Time flies when you're hunting Wesen. No one knows that better than the cast and crew of NBC’s supernatural drama “Grimm,” which not only recently premiered its fifth season but also crossed a major milestone: the production of the 100th episode.
Although that episode won’t air until March, everyone involved celebrated the occasion on Nov. 10, the day filming began. The show is one of the few television series to call Portland, Oregon, its permanent home, and local officials, including Gov. Kate Brown, Portland City Commissioner Nick Fish and Portland Police Sgt. Pete Simpson attended a ceremony to commemorate the event.
"Grimm’s” police precinct set was decked out for the occasion, with props and costume pieces pulled out for unique displays -- a plethora of weaponry, the faux severed head of Nick's mother Kelly, Krampus' costume, and various clawed and furry appendages.
Despite the fittingly ghastly decor, the mood was festive, with cake designed by Sugar Mommas’ Bake Shop to resemble a “Grimm” diary.
"In our business, it's so rare and therefore so rewarding to see a show start out and grow a rabid fan base that keeps the show relevant and exciting and gives us the ability to bring the show back year after year,” Jennifer Salke, president of NBC Entertainment, said at the cake-cutting ceremony. “Thanks to the stars and producers of this show who make it all possible. A very special thanks goes to the city of Portland. As we all know, Portland has become another star of the show, and we have this city and this incredible crew to thank for that."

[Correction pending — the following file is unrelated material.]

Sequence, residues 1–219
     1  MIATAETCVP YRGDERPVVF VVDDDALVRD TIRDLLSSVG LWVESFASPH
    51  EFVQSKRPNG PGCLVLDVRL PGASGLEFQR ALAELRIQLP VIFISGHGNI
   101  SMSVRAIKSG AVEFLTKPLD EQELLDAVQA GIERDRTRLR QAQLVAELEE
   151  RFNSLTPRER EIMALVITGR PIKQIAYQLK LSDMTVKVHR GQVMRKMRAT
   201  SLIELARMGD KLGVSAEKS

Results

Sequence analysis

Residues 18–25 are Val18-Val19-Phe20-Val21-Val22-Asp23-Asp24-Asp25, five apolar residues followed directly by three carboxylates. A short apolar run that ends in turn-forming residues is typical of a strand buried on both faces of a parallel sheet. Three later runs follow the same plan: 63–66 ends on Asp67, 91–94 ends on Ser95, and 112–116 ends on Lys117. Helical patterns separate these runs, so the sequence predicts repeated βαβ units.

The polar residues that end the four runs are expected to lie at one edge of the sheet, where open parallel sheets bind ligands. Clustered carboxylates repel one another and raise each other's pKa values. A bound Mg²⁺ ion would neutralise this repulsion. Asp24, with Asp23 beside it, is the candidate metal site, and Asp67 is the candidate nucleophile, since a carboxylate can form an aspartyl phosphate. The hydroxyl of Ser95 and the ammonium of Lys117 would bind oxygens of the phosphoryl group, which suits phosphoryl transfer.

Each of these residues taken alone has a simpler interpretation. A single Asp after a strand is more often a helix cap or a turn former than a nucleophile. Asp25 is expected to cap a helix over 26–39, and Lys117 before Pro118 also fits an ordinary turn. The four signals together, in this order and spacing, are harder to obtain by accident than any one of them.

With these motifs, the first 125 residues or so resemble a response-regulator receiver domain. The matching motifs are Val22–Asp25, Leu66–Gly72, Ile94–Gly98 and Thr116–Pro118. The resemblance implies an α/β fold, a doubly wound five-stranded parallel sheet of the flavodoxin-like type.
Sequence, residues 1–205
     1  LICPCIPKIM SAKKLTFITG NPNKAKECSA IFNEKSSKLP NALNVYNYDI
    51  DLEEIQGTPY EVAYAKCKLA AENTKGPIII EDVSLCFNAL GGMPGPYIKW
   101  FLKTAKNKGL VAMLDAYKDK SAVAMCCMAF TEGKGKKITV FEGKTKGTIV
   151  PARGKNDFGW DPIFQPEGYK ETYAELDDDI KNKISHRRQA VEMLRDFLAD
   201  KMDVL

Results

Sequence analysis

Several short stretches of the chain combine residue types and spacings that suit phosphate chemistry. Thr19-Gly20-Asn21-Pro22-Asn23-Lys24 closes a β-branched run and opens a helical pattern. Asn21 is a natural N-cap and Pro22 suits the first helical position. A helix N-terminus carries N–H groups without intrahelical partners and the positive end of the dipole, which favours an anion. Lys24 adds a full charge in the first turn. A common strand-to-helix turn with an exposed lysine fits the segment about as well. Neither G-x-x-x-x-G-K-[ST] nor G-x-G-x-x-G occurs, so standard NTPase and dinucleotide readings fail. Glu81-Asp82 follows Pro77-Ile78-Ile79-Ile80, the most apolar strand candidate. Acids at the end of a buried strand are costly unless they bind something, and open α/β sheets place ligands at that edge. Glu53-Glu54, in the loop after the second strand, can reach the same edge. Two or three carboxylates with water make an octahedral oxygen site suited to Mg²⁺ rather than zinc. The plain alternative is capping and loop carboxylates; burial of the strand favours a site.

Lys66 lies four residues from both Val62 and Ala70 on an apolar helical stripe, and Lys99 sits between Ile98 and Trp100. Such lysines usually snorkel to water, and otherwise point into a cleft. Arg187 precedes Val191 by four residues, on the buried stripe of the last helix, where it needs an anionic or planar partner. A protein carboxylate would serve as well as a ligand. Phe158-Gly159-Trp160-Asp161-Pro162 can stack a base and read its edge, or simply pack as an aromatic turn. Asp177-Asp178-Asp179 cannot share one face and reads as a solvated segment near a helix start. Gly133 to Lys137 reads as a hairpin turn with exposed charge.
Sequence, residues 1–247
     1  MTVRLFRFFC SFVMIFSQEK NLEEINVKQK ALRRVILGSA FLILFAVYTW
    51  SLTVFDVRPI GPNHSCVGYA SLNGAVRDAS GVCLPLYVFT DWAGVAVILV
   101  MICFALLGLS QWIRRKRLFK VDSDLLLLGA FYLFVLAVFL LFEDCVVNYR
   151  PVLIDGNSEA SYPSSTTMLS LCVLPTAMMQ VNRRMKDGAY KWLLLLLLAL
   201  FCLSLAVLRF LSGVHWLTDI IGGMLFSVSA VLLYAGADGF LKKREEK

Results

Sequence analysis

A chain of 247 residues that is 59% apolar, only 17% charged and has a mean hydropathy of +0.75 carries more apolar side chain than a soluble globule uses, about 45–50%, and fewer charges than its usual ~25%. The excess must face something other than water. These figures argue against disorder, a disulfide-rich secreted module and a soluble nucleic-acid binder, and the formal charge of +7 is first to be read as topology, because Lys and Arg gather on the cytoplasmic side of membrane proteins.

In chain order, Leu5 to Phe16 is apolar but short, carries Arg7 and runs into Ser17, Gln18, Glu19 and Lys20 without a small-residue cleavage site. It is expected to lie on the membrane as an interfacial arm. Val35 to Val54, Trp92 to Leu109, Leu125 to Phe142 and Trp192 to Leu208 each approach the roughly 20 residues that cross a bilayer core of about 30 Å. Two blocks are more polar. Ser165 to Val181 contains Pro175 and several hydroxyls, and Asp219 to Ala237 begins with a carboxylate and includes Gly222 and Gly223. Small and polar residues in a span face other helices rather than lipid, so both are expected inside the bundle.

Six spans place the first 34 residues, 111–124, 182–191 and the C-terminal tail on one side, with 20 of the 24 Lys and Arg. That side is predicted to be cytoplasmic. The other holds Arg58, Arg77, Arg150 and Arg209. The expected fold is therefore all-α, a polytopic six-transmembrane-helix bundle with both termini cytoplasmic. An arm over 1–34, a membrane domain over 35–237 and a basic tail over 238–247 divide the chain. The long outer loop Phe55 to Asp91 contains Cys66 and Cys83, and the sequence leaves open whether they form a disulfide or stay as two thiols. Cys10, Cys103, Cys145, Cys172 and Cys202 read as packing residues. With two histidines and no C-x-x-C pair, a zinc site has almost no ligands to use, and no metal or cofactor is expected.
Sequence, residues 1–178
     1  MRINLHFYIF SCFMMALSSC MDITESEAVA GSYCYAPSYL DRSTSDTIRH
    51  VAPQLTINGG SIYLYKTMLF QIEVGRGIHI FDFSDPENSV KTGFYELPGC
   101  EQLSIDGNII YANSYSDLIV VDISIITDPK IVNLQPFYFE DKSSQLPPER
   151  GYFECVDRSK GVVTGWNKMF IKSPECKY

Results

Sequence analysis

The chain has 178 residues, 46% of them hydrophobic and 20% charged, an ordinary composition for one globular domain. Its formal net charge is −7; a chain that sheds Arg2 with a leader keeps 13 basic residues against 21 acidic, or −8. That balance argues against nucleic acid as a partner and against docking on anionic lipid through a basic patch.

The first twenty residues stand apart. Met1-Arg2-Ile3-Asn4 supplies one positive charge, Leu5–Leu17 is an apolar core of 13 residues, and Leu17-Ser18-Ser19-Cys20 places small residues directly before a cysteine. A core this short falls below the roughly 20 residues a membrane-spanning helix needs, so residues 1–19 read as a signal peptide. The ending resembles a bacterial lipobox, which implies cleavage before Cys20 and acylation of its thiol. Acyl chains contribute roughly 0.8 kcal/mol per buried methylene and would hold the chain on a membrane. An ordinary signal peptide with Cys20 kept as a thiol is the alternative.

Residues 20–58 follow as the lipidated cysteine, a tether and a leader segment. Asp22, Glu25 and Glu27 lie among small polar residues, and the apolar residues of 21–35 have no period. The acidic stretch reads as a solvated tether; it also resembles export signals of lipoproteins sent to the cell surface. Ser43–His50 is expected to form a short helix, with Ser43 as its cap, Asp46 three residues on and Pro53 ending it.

NBC Entertainment Chairman Bob Greenblatt followed Salke, saying, “There are a lot of shows on television these days, as I'm sure everybody knows, but very few of them get to 100 episodes." He said Portland gives "Grimm" a unique look: "It doesn't look like any other show on television, and that's what makes it special."
He then introduced Gov. Brown, who said “Grimm” has spent more than $250 million in the state over the past five seasons. "This show has impacted and led the entire state like no other film or television production has ever done before," she said.
Fish, the city commissioner, proclaimed Nov. 10, 2015, as "Grimm Day" and renamed a street as Northwest Grimm Way and the building that houses the show’s sound stages as The Grimm Building.
Star David Giuntoli spoke for the cast, saying, "When you're an actor -- we're circus people, we really are -- we're very grateful for our jobs, and we'll go wherever those jobs take us. I can't say just how fortunate we all feel that that job's taken us to Portland. It is a town that has embraced us. It's so cinematic, so verdant, so strangely peculiar. Whoever had a hand in bringing us here, thank you. It is our aim that we respect and honor this town, whether it be through our charitable donations and efforts, or broadcasting this city to millions of people every week or, you know, just killing all of its monsters."
"Grimm" airs Fridays at 9 p.m. ET/PT on NBC.